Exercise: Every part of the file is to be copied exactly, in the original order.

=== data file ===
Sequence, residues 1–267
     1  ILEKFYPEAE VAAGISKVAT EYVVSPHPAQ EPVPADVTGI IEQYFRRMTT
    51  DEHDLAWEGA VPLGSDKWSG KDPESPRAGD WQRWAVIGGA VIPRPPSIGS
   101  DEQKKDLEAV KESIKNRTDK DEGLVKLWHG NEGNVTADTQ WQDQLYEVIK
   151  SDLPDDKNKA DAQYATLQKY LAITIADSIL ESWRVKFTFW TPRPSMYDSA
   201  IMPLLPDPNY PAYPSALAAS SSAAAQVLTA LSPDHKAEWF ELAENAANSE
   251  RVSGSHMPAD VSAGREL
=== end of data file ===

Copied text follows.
Sequence, residues 1–267
     1  ILEKFYPEAE VAAGISKVAT EYVVSPHPAQ EPVPADVTGI IEQYFRRMTT
    51  DEHDLAWEGA VPLGSDKWSG KDPESPRAGD WQRWAVIGGA VIPRPPSIGS
   101  DEQKKDLEAV KESIKNRTDK DEGLVKLWHG NEGNVTADTQ WQDQLYEVIK
   151  SDLPDDKNKA DAQYATLQKY LAITIADSIL ESWRVKFTFW TPRPSMYDSA
   201  IMPLLPDPNY PAYPSALAAS SSAAAQVLTA LSPDHKAEWF ELAENAANSE
   251  RVSGSHMPAD VSAGREL